Boris Tsang / Sun Assistant Photography Editor

Cornell led Columbia until the 86th minute, but a late goal and double-overtime winner allowed the Lions to escape with a win.

September 24, 2018

Women’s Soccer Suffers OT Loss to Columbia in 1st Ivy Match

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While Cornell fought hard and controlled much of its match against Columbia on Saturday, the Lions scored their first goal at the end of the second half and made the winning goal during the second overtime to snatch a win from the Red.

Cornell (1-6-1, 0-1 Ivy) secured a 1-0 lead in the 23rd minute with a goal from junior defender Kaili Gregory, with an assist by senior midfielder Jessica Ritchie.

However, Columbia (4-4-1, 1-0 Ivy) tied the game in the 86th minute. After a scoreless first overtime, it took the Lions just 28 seconds to net the winner in the second extra period.

“I think we could have taken care of the ball better in possession,” Gregory said. “We worked really hard as a team on defense, but as a whole we have to possess more so we’re not chasing the other team.”

Co-captain and goalkeeper Meghan Kennedy made 15 saves to keep the Red in the game.

“[Kennedy] had an especially phenomenal performance,” said junior defender Abby Adams. “She had so many incredible saves that kept us in the game.”

Along with Kennedy, the defenders for the Red were particularly successful last Saturday.

“Naomi Jaffe and Nicole Long, the starting outside backs, both had great games,” Gregory said. “They matched up against numerous speedy attacking players, and they defended with grit and skill.”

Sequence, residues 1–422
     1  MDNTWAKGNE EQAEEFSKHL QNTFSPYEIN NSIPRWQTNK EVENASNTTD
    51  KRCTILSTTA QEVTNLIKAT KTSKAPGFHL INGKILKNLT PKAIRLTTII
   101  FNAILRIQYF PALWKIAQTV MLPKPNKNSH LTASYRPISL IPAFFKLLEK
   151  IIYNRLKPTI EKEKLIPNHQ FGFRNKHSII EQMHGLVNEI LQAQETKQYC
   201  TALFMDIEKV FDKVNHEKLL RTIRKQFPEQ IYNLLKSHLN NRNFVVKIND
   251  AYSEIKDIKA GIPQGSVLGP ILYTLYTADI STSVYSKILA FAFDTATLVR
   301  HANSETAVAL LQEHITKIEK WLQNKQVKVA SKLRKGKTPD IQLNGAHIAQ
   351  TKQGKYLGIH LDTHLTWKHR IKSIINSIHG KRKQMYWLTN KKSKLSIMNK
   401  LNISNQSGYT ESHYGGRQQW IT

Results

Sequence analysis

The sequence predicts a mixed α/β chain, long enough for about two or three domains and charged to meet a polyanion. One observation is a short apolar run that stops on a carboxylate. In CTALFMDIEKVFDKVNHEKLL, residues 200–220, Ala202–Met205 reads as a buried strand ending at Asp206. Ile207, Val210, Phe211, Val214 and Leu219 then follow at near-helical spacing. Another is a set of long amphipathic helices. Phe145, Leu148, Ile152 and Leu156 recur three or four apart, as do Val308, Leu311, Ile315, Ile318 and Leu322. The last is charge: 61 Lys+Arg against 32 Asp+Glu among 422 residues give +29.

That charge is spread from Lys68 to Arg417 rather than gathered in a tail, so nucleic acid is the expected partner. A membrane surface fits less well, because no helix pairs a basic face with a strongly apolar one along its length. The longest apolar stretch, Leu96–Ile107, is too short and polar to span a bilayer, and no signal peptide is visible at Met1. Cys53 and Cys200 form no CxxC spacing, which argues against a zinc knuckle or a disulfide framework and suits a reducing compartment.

Columbia was a tough opponent to open league play, which made it an incredibly competitive game for the Red.

“Columbia was very sharp technically and also very athletic,” Adams said. “Their speed and ability to hold the ball in our half created numerous scoring opportunities for them.”

This made Kennedy’s 15-save performance even more impressive — the Lions had 17 shots on goal, while the Red had just one.

With the Ivy-opener loss in the rearview mirror, Cornell looks ahead to a conference-heavy schedule — through early November, the Red has just one non-league game.

“The intensity of Ivy League games is far above that of non-conference play,” Gregory said. “Since we don’t have an end-of-season tournament, we treat every game as a playoff. For the rest of our Ivy play we plan to remain positive and determined to win.”

The Red hosts Penn at 4 p.m. Saturday in its first home Ivy League contest of 2018.